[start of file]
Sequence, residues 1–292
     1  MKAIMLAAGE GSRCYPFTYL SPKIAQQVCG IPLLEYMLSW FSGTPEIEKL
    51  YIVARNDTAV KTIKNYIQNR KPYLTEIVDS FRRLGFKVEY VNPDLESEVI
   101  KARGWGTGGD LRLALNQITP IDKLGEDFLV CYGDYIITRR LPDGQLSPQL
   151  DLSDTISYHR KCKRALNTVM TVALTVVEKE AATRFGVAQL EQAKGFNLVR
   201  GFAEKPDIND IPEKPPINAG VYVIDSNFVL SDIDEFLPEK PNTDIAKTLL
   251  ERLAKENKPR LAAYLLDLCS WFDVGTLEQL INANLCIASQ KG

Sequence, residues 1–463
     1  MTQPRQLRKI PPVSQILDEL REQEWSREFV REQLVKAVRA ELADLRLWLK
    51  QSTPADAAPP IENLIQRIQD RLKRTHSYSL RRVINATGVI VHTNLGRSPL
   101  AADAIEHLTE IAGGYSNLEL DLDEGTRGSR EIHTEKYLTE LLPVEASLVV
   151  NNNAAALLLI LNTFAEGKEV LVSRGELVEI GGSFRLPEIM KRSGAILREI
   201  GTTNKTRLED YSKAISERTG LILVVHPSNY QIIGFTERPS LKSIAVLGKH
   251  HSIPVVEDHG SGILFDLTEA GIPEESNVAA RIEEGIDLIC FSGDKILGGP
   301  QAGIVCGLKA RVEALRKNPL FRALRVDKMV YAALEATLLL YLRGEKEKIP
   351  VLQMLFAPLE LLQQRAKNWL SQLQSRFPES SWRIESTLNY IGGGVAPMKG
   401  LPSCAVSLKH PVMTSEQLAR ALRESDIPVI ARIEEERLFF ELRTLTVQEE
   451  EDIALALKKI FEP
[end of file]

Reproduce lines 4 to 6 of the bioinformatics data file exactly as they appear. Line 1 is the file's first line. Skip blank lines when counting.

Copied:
   101  KARGWGTGGD LRLALNQITP IDKLGEDFLV CYGDYIITRR LPDGQLSPQL
   151  DLSDTISYHR KCKRALNTVM TVALTVVEKE AATRFGVAQL EQAKGFNLVR
   201  GFAEKPDIND IPEKPPINAG VYVIDSNFVL SDIDEFLPEK PNTDIAKTLL